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Danielle Smith Resigns As Wildrose Leader, Joins Alberta PC Party

EDMONTON - The leader of Alberta's Official Opposition shattered her caucus Wednesday by leading an en masse floor crossing, saying she no longer had the fire in the belly to oppose Premier Jim Prentice.

"If you're going to be the official Opposition leader, you have to really want to take down the government and really want to take down the premier," Danielle Smith, standing beside Prentice, told reporters at a news conference at Government House.

"I don't want to take down this premier.

"I want this premier to succeed, and I want to be part and parcel of helping him succeed."

Earlier Wednesday, Smith and eight of her Wildrose party colleagues were accepted into Prentice's Progressive Conservative caucus, leaving behind a five-member rump while elevating the Tory majority to an overwhelming 72 seats in the 87-seat legislature.

NDP and Liberal leaders accused Smith of an unprecedented betrayal of Wildrose supporters and voters along with those Albertans who rely on a strong opposition to keep a government in check.

But Smith said there was no longer any need to oppose a premier who, unlike his predecessors, agreed with what the Wildrose believed on issues such as land rights and fiscal conservatism.

"We won," said Smith.

"We clearly managed to move away from two administrations that were not moving Alberta forward, that were not serving Albertans well, and we have a premier that shares the same conservative values that we do."

Smith said she has asked the party and caucus to consider folding up shop to join the PCs in a provincial unification of the centre-right.

"I'm asking Wildrose members to come with us," she said.

The Wildrose executive has already denounced the floor-crossings and in an email said it plans to fight on to contest the next election, slated for 2016.

"We have begun the process to select the next leader of our party and the next premier of Alberta," said the email. "We remain fully committed to Albertans and to our membership."

Smith said there had been informal talks between intermediaries for months on joining forces with Prentice, adding that interest in a union accelerated in recent weeks.

Prentice said the decision by his caucus to accept the Wildrosers was not unanimous but said "the support was overwhelming."

He said it was a good day for those working to make Alberta better, and said there are no immediate plans to shake up his cabinet to make room for Smith or her MLAs.

Prentice saluted Smith.

"Danielle, you've shown considerable personal courage and determination in making this decision," he said. "This is the same courage and determination that has served you and your team so well during your five years as leader of Wildrose."

Joining Smith in the defection was her key lieutenant, government house leader Rob Anderson.

Anderson was elected as a Tory in 2008 but crossed the floor to the Wildrose in 2010. He was elected as a Wildroser in 2012 before crossing back to the Tories on Wednesday.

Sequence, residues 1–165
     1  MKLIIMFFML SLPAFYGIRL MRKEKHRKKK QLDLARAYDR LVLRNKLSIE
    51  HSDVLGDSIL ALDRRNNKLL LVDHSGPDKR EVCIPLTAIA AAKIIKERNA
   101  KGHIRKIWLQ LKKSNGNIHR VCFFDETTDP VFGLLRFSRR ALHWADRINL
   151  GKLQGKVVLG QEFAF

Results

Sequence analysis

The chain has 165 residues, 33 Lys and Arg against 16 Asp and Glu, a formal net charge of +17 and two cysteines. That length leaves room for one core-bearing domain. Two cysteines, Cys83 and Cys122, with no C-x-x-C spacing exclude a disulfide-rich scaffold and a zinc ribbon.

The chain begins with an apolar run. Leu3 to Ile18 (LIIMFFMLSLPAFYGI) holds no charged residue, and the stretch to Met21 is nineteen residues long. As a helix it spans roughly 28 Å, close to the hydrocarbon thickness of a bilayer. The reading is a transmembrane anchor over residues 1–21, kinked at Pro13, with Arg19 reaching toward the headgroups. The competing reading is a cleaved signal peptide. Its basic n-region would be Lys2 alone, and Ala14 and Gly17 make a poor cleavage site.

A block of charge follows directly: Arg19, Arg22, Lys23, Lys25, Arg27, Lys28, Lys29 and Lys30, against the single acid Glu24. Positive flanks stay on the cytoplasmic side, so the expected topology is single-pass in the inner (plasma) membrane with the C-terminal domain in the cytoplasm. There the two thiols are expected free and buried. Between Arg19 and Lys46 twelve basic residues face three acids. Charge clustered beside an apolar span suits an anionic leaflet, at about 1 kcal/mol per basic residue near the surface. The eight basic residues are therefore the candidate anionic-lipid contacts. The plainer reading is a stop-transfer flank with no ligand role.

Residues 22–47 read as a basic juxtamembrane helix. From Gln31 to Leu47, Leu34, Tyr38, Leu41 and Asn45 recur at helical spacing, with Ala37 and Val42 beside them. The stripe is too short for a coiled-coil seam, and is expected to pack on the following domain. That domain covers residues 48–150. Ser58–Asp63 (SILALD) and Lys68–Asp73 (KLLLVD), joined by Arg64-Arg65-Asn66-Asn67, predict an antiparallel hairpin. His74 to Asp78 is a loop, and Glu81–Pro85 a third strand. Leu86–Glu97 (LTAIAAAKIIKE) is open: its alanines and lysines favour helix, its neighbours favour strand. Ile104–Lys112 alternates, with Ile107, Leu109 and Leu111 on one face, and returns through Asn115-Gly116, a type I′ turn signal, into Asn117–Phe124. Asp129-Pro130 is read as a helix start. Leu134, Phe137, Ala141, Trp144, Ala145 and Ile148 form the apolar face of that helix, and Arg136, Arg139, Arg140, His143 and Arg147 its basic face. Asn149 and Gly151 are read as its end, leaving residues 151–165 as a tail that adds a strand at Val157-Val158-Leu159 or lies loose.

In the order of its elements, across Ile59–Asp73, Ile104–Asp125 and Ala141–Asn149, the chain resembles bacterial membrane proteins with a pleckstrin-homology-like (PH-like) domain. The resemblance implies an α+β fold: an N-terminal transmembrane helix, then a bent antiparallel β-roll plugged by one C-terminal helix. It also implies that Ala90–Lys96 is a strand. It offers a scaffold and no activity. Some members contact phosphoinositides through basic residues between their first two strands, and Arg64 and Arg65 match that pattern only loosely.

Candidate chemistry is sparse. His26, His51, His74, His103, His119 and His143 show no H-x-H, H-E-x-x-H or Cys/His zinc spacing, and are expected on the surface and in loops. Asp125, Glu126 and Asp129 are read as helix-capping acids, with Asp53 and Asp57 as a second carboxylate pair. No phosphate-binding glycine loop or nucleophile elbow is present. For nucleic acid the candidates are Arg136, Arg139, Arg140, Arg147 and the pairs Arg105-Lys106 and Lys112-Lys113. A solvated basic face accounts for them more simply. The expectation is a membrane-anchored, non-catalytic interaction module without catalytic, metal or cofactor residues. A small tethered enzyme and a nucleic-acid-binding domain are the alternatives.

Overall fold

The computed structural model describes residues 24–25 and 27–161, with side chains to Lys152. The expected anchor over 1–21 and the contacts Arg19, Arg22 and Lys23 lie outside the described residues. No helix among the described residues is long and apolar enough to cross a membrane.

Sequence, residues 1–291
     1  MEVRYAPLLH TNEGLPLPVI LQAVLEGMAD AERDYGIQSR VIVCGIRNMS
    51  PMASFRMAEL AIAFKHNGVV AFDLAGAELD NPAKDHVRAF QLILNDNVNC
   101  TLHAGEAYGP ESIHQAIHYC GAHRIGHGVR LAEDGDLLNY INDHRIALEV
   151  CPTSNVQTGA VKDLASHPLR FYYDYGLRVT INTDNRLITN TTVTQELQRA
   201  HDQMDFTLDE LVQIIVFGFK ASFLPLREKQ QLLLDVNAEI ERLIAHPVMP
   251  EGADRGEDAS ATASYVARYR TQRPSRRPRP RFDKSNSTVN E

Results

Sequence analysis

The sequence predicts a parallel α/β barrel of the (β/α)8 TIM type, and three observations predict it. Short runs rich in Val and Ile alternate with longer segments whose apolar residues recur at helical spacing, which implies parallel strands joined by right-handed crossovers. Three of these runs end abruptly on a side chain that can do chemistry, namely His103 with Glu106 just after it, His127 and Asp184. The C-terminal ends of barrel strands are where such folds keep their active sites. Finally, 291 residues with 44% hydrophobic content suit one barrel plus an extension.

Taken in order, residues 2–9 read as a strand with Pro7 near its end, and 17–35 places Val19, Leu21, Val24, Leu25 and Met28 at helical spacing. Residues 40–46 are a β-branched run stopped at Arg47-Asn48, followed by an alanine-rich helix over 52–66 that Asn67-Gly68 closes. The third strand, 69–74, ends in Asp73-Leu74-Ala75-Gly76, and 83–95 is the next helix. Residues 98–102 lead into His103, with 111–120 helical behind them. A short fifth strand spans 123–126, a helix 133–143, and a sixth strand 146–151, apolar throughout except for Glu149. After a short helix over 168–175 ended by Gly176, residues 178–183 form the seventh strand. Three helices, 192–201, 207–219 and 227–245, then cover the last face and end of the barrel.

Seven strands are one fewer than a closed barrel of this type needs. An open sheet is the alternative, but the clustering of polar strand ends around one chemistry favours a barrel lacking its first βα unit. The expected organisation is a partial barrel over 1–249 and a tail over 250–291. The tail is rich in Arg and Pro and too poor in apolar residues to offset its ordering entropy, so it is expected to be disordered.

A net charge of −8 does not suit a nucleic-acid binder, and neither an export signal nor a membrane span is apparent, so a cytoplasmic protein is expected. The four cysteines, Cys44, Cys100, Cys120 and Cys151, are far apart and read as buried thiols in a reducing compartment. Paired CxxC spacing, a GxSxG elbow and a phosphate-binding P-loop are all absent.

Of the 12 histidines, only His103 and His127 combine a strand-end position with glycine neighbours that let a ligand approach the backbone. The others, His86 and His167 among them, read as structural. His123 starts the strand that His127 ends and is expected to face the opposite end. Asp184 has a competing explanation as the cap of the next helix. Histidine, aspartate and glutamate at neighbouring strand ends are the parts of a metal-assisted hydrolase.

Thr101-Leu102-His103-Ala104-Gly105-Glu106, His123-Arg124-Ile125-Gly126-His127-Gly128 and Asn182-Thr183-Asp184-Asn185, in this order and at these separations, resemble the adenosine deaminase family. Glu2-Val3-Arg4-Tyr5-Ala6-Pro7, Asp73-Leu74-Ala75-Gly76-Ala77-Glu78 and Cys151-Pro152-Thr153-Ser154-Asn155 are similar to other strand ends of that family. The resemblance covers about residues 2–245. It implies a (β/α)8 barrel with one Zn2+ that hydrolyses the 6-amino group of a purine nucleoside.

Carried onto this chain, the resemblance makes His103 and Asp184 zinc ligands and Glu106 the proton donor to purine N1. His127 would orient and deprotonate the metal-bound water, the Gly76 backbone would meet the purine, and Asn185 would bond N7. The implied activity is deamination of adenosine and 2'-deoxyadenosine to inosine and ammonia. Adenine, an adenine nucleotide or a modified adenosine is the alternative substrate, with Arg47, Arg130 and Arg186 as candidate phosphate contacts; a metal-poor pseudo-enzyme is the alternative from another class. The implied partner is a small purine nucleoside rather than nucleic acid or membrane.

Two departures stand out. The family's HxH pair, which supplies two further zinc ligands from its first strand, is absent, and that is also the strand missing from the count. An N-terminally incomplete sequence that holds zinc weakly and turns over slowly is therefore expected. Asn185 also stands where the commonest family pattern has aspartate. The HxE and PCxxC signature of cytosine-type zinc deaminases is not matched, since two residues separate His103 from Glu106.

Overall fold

In an open letter, Anderson said it was better to now work inside the tent than engage in histrionic attacks from the outside.

"Why do we elect MLAs? To put on a partisan jersey and fight partisan battles for some kind of entertainment? I sure don't think so," wrote Anderson.

The other seven joining the PCs are: Gary Bikman, Jeff Wilson, Blake Pedersen, Bruce McAllister, Jason Hale, Rod Fox and Bruce Rowe.

They join former caucus mates Ian Donovan and Kerry Towle, who quit the Wildrose last month, saying they were impressed with Prentice and his team.

The opposition now consists of five leaderless Wildrosers, five Liberals, four NDPers and Independent Joe Anglin.

Anglin quit the Wildrose in November.

Liberal Leader Raj Sherman said he will ask the Speaker to install the Liberals as the new official opposition.

"The PCs and the Wildrose are one and the same," said Sherman.

"The Liberals are the only sensible, centrist alternative right now in Alberta."

NDP Leader Rachel Notley labelled the floor-crossings a "betrayal" of Albertans by a premier whose party was elected on a progressive platform in 2012 but who she said is now cynically tacking hard right to vacuum up its main political opponent.

"Jim Prentice may think, 'Oh look at me, look at how Machiavellian and clever I am,'" said Notley. "But I think that it will really offend the basic values of many Albertans."

The move brings into doubt the future of what had been considered the most effective official Opposition in Alberta in years.

The Wildrose was borne out of disgruntled Tories who quit the party as it moved left toward bigger budgets and budget deficits under former premier Ed Stelmach.

The polls had Smith and the Wildrose leading at one point in the last election campaign only to see its credibility unravel in the closing days by racist and homophobic statements from two of its candidates.

The Wildrose has since helped to expose spending and entitlement scandals that led to the resignation in March of then-premier Alison Redford.

In September, Prentice replaced Redford and on Oct. 27 the Tories defeated the Wildrose in four byelections, renewing concerns about the Wildrose prospects to form government while raising questions about Smith's leadership.

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